As ordinary Iranians battle with rising inflation, they are not impressed that seven of their banks have lost 2.8 billion dollars in the worst banking scam Iran has known. Earlier this month, reports began to circulate that from June 2009 till August 2011, businessman Mah-Afarid Khosravi forged letters of credit from the country’s second largest bank, Bank Sederat, and passed these on to other banks, including the famous Bank Meli. The funds were then used to start about forty different companies. There has been widespread condemnation of the corruption, and the government has said it is determined to deal with the crime robustly. However, some are saying that a scam involving such large amounts of money could not have happened without the involvement of insiders. There are also questions as to why Mr Khosravi was so conveniently allowed to leave the country. The news will underline the impression in many minds that there is an elite in Iran whose financial dealings within the state are not open to enough public scrutiny. The rise and fall of Mr Khosravi and those who helped him provides the church with living example of the man in Jesus’ parable who greedily thought full barns was the only need for a happy life.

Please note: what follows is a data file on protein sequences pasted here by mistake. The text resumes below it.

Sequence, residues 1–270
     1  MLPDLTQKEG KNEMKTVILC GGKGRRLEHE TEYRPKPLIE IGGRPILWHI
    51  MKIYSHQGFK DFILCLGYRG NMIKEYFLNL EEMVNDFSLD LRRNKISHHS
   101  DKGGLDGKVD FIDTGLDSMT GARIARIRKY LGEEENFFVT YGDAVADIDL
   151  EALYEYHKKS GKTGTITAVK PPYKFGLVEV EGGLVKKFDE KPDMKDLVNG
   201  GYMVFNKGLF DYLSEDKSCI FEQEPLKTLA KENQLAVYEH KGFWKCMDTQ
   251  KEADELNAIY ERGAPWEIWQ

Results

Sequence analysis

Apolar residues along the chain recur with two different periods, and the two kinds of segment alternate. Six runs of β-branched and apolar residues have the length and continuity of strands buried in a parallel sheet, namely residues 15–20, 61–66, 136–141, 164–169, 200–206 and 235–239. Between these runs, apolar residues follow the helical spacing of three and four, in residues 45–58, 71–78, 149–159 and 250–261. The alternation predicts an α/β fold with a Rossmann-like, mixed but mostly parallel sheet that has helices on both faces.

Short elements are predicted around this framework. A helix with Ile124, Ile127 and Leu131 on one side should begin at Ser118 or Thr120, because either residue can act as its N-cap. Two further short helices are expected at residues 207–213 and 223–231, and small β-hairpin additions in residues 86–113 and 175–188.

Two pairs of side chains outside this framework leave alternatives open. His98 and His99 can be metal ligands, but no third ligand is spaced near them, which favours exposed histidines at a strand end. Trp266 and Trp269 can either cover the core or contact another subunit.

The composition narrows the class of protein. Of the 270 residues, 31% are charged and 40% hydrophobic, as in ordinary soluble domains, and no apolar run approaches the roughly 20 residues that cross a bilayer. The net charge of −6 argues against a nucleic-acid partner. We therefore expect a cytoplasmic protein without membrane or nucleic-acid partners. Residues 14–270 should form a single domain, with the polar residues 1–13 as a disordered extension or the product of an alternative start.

Justice in this particular case
Wisdom to make Iran’s public finances more accountable
Church to preach Christ and poverty better than riches and hell